A student asylum seeker in Ireland received a promise from the Education Minister that she would find her a place in college, but a bill that is soon to be passed won’t address her needs.
Anna Kern and her mother and two younger siblings came to Ireland from Ukraine two years ago. She now lives in Direct Provision housing in Knocknasheen, Co Limerick. No one in the family can legally work until they obtain refugee status.
She received 575 points in her Leaving Cert, writes Louise Kelly of the Independent, which is an exceptional score. Because of her position in the Direct Provision system, she has no access to help for paying for third-level education — no state support like the SUSI grant, nor the “free” fees scheme. One year of tuition would come to €25,000 that Kern would have to pay out of pocket.
Jimmy Woulfe and Niall Murray of the Irish Examiner quoted Kern on the struggle she had with the English language, despite receiving high marks. She said:
When I came here first I had very little English and had to use a dictionary a lot in class. From the very start I got great help and support from all my teachers here in Nano Nagle school.
The principal of Kern’s school, Marion Cummins, said that the government was not doing enough to help students like Kern, and asked for help from the government. She said that the schools are doing their part:
We take them into our schools, we embrace them, we teach them, we give them the best of Irish education– and then at the end we abandon them.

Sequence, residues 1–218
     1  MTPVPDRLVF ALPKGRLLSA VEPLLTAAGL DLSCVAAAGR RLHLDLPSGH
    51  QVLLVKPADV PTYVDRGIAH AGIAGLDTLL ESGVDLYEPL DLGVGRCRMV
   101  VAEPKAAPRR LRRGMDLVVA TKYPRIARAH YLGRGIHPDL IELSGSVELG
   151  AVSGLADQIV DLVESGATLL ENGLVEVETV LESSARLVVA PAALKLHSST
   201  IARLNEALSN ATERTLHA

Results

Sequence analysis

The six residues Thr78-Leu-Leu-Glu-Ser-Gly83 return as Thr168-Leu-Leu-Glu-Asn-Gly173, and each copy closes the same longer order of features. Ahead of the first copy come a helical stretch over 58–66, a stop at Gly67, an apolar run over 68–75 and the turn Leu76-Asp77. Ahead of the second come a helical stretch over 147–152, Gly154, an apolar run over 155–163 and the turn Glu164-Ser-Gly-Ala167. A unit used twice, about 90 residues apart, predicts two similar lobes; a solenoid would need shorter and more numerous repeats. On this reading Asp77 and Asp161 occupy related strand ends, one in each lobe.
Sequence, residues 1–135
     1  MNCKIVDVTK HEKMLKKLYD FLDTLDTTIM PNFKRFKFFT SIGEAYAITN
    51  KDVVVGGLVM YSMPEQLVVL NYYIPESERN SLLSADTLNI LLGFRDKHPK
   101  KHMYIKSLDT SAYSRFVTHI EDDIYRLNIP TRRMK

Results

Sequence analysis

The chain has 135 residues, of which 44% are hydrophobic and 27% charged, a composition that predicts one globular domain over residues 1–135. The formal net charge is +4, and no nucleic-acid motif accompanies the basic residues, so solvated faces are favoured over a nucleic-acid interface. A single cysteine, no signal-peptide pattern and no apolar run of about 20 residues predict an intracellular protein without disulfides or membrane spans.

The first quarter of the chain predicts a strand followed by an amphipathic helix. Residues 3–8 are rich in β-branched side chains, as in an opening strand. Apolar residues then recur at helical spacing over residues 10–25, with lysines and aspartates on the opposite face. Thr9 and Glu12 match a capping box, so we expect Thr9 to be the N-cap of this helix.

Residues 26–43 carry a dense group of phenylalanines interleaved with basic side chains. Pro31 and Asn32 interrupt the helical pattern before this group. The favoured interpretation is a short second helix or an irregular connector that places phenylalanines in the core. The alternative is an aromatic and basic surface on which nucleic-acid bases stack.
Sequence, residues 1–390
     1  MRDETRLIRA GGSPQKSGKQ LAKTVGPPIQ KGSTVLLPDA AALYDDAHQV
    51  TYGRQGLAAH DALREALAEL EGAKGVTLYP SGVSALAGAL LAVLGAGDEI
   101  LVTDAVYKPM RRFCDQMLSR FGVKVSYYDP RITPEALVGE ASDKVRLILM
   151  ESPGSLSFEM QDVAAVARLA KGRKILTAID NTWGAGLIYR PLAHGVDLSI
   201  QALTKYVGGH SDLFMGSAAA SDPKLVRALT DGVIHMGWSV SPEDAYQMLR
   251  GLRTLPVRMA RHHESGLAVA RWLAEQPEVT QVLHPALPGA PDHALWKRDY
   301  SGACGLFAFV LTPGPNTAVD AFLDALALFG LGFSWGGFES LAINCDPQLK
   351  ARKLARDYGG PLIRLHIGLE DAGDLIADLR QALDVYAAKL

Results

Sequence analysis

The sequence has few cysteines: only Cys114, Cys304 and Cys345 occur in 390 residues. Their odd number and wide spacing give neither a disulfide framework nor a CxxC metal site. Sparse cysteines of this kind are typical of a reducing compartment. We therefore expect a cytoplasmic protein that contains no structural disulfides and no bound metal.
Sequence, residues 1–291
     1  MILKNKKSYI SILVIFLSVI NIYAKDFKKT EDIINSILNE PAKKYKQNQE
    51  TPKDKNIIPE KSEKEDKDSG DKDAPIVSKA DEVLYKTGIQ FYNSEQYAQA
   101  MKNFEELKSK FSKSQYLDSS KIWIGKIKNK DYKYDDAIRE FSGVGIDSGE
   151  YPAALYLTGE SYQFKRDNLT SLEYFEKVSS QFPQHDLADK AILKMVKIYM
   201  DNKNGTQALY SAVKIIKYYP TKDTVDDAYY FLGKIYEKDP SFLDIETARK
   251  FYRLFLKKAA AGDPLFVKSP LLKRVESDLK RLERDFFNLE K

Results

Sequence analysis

Kern had asked Education Minister Jan O’Sullivan to help her. On RTE’s Morning Ireland radio show, Kern said that O’Sullivan told her that she would have help in attending the Royal College of Surgeons in Dublin to study physiotherapy.
However, it is unclear what type of help the minister will be able to grant Kern.
According to RTE News, O’Sullivan is working on a bill that will support asylum seekers who want to get third-level education, but it will not benefit Kern, since she has only been in the country for two years and has not completed the required five years of schooling. The Irish Refugee Council has an education fund, writes Joe Humphreys and Dan Griffin of the Irish Times, but it couldn’t cover the demand.
The Department of Education said that O’Sullivan made it clear that public funds would not be used for Kern.
She is a very impressive young woman. She didn’t obviously know what points she was going to get but she expected that she might get into college.
In fact, she was talking about her third choice but obviously she has got such a fantastic result she is being offered her first choice. It’s an individual case but I will give Anna every assistance I can.
[Public assistance would be for] people who have gone all the way through post-primary school– five years. Anna has done two years. So we are going to see if there is another way in which she can be helped but she is a fantastic young woman and congratulations to her on her achievement.
The new policy is based on a Working Group report on the Protection Process. It was published in June and chaired by Judge Bryan McMahon. It read:
The extension of student supports for third-level and post Leaving Certificate courses to persons who are protection applicants or are at the leave to remain stage, have been in the Irisih school system for five years or more, and satisfy the relevant academic and other eligibility criteria.